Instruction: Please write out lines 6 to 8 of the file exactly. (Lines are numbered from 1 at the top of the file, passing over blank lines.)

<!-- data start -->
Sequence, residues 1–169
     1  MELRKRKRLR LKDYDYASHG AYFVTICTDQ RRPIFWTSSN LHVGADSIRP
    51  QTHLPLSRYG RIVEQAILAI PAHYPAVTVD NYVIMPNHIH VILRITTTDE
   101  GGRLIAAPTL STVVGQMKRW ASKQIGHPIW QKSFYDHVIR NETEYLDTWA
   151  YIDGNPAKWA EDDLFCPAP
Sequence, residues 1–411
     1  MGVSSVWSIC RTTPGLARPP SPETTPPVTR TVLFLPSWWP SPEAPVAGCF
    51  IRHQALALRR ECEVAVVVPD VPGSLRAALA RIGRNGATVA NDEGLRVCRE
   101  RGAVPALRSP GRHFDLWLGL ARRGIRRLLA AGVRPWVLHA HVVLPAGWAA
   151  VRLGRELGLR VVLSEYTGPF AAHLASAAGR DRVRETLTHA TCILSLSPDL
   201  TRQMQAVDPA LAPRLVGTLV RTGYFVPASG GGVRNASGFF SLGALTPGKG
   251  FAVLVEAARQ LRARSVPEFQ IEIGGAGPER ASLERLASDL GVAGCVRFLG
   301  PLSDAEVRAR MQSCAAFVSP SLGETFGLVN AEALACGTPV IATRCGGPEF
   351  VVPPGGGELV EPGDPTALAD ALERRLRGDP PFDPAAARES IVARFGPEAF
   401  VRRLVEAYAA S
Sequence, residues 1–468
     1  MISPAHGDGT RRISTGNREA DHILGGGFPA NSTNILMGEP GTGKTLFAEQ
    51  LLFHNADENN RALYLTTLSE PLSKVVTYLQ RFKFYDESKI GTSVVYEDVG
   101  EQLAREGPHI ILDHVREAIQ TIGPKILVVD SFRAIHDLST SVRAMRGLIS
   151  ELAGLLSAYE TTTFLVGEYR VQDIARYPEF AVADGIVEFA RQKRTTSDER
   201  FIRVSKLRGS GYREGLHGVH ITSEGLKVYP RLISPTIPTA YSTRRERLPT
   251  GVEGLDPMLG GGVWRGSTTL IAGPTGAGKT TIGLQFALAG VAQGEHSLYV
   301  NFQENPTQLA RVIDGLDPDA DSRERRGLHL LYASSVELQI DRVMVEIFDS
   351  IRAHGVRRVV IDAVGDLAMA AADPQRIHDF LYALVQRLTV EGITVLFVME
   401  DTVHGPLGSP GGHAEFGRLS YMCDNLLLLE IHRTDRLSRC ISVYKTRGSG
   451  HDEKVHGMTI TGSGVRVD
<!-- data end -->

Sequence, residues 1–411
     1  MGVSSVWSIC RTTPGLARPP SPETTPPVTR TVLFLPSWWP SPEAPVAGCF
    51  IRHQALALRR ECEVAVVVPD VPGSLRAALA RIGRNGATVA NDEGLRVCRE